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’60 tape reveals an uncertain John F. Kennedy

Before victory, misgivings over abilities, future

John F. Kennedy, shown in Toledo, Ohio, worked hard to hide his physical problems from reporters.

LARRY STODDARD/AP/FILE/1960

John F. Kennedy, shown in Toledo, Ohio, worked hard to hide his physical problems from reporters.

WASHINGTON — It’s a rare glimpse of the introspective John F. Kennedy — unsure of his political skills; worried about what he might do if he lost the race; and surprisingly honest about his poor health and his attempts to deceive the press over it.

Three days after he declared his candidacy for the presidency, the man who would leave a near-mythical imprint on America’s political identity seemed decidedly unsure of his own.

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That revelation comes from a recently unearthed audio recording made during a private dinner party that the Massachusetts senator and his wife, Jacqueline, hosted in their Georgetown home on Jan. 5, 1960. The tape was given to the JFK Library and Museum in Dorchester last year and was recently discovered by a Brown University historian.

At the dinner party, the recording reveals, Kennedy said he never dreamed of the presidency when he entered politics as a scrawny candidate for Congress in 1946.

“Never. Never. Never,” the future president insisted. “I thought maybe I’d be governor of Massachusetts one day.”

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What was irresistible about the decision to seek the presidency, the Harvard alumnus explained to his three guests, was the excitement and challenge of the race itself — “like playing Yale every Saturday, in a sense” — and his unabashed desire to be at the center of the nation’s momentous decisions.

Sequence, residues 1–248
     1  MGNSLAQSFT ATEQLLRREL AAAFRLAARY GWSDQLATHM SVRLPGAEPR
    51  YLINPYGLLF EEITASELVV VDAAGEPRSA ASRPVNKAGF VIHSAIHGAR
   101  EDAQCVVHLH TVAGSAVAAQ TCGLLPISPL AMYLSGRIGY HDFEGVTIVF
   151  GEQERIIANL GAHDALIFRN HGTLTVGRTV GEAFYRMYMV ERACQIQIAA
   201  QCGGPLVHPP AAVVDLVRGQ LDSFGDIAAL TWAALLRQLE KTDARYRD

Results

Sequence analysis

John F. Kennedy fretted over his frail appearance alongside Franklin D. Roosevelt Jr., and Robert F. Wagner in 1948.

ASSOCIATED PRESS/FILE 1948

John F. Kennedy fretted over his frail appearance alongside Franklin D. Roosevelt Jr., and Robert F. Wagner in 1948.

The guests were Newsweek correspondent James M. Cannon and Washington bureau chief Benjamin Bradlee, who later ran the Washington Post, and his wife, Antoinette. Bradlee and Cannon were longtime friends of Kennedy and did not report on the conversation.

Cannon’s family gave the tape to the library, and the content will be featured in next month’s Smithsonian magazine. Efforts to reach Bradlee Tuesday were unsuccessful.

Ted Widmer, the Brown University historian, said Tuesday that when he came across the tape in his research, “I was just knocked out by it.”

“I thought it was very visceral and immediate, and quite personal. JFK was one of the most successful politicians of the 20th century but he is candid about his liabilities and his inhibitions,” he said. Widmer also said Kennedy’s explanations for why he was seeking the presidency seem strikingly honest.

At one point in the conversation, for example, Kennedy makes another football analogy.

“Johnny Unitas, he might find it interesting to play in a sandlot team, in front of four people, but he’s playing for the Colts, the best team in the United States, for the world championship,” he said. “I’m not comparing the presidency with that, but I’m just saying that, how could it be more fascinating than to run for president under the obstacles and the hurdles that are before me.”

Kennedy “is interested in being at the center of the machinery of government, the center of the action,” said Widmer, rather than seeking the presidency for the lofty goals he outlined in his campaign to secure the Democratic nomination and ultimately defeat Vice President Richard M. Nixon.